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Louisville Legends

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Ron Johnson

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Louisville Legends

by Ron Johnson » Wed Oct 25, 2017 8:12 am

The talk about Ed Lee moving on to DC for bigger opportunities really made me appreciate even more those amazing chefs who stayed in Louisville and quietly made their mark by pushing the Louisville dining scene to where it is today.

I'm sure I am missing many, but those that spring to mind first:

Dean Corbett: A fitting name because he really has become the "Dean" of the Louisville culinary community.
Kathy Cary: Louisville's own version of Alice Waters. She was so far ahead of the curve in terms of using locally produced ingredients and "southern" sensibility married to french technique.
Anoosh Shariat: Proved that Louisville was more than a meat and potatoes town.
Sean Ward: Elevated the food at Jack Fry's to match the unbeatable ambience.
Bruce Ucan: Here is a guy who looked around Louisville 20 years ago, and thought to himself that this could the place for the authentic cuisine of Central America. And, he was right.
Ed Garber: The original Ed at 610 Magnolia.
Anthony Lamas: Again, a guy who never underestimated Louisville's appreciation for different flavors and ingredients. No one even blinks at diced raw fish in ponzu sauce now.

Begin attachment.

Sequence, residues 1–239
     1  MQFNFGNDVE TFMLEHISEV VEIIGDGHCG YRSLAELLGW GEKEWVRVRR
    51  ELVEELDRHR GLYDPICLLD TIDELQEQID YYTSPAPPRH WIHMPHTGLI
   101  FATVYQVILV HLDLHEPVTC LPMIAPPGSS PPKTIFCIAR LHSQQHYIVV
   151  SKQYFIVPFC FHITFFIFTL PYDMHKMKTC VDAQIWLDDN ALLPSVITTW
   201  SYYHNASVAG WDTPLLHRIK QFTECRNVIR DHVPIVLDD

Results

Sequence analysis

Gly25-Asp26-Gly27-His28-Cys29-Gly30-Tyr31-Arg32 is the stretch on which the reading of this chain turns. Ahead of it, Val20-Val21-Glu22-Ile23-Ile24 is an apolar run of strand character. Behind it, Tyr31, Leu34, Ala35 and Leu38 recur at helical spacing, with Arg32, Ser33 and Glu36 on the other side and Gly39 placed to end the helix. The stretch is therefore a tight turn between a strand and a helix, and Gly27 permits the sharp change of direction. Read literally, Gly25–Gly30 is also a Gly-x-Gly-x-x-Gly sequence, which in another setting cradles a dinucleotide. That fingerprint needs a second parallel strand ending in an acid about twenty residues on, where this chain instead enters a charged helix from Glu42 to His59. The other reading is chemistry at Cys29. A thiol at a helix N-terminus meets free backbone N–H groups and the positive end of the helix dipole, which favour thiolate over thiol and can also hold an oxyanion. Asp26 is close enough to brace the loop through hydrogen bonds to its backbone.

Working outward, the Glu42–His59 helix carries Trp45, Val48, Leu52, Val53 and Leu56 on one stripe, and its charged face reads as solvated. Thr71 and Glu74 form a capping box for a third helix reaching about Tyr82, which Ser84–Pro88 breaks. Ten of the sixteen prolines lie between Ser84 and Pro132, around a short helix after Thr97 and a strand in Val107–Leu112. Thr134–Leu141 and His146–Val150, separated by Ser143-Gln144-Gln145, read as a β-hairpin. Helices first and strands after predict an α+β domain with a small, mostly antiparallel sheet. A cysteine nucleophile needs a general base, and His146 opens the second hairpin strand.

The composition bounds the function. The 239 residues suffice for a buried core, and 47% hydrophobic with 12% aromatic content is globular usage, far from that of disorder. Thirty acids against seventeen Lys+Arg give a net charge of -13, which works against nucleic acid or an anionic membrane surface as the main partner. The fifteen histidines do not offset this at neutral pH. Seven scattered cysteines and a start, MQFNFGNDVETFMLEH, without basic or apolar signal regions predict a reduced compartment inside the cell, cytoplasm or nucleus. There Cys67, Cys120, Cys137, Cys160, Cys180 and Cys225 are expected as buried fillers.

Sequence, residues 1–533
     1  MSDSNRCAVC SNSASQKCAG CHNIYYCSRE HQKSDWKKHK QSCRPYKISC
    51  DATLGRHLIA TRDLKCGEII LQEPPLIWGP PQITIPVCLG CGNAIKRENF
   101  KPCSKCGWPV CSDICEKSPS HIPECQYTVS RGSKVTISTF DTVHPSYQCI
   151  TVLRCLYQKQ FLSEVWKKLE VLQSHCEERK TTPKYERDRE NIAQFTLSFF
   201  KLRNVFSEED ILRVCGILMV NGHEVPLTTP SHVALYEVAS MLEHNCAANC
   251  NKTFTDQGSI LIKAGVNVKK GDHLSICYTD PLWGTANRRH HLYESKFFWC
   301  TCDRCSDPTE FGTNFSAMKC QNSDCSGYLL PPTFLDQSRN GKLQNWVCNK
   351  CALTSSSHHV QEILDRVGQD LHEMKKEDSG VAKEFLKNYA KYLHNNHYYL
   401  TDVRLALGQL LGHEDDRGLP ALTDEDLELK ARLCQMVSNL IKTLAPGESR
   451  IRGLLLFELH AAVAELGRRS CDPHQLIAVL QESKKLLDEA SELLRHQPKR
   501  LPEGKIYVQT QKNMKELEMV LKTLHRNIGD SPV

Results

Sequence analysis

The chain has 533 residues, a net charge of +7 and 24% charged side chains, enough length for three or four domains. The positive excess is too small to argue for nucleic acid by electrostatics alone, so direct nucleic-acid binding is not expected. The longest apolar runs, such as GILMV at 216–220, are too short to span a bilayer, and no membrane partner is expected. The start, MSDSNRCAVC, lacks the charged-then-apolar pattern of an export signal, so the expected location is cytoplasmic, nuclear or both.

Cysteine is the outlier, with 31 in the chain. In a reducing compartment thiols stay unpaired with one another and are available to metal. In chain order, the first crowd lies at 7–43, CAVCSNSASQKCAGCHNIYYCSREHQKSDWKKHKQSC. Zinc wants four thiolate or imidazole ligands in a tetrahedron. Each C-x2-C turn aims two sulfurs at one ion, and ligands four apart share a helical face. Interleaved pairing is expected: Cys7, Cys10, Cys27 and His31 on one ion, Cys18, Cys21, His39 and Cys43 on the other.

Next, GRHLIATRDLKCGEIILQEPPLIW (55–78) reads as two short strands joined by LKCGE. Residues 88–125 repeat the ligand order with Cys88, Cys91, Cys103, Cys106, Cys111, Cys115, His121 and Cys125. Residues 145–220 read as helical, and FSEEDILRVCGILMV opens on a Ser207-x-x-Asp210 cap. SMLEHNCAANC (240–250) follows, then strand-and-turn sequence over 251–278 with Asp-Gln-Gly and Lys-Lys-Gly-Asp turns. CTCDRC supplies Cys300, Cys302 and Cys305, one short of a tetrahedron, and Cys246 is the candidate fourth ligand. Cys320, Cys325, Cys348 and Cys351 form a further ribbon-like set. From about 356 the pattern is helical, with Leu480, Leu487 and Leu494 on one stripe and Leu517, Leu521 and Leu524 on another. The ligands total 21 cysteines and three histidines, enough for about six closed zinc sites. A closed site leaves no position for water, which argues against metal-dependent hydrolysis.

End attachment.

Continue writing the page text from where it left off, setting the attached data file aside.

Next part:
I'm sure I'm missing many others, plus the up and comers . . .
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Andrew Mellman

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Re: Louisville Legends

by Andrew Mellman » Wed Oct 25, 2017 9:54 am

An addition to your list: a few years ago my wife and I got a notice (from our kids) about a new pan-Asian place in Chicago . . . as its opening week special, they had imported a "world-renown" chef who specialized in that cuisine, and were featuring his food at $150/person (which included his best selling cookbook). The chef was Peng Looi, of Asiatique and August Moon.
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Robin Garr

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Re: Louisville Legends

by Robin Garr » Wed Oct 25, 2017 10:01 am

Great list! I think you'd almost have to add Bim Deitrich ... although he finally left town a few years ago, it was in retirement, and he was really present at the birth of our modern dining scene and stayed well into the 21st century.
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Re: Louisville Legends

by Ron Johnson » Wed Oct 25, 2017 10:33 am

Completely agree on Peng Looi.

Bim wasn't a chef as far as I know, but he definitely makes the cut as restauranteur.
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Robin Garr

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Re: Louisville Legends

by Robin Garr » Wed Oct 25, 2017 11:32 am

Ron Johnson wrote:Completely agree on Peng Looi.

Bim wasn't a chef as far as I know, but he definitely makes the cut as restauranteur.

Good point ... I was thinking in terms of outsize restaurant personalities, but you did say "chef," d'oh. :oops:

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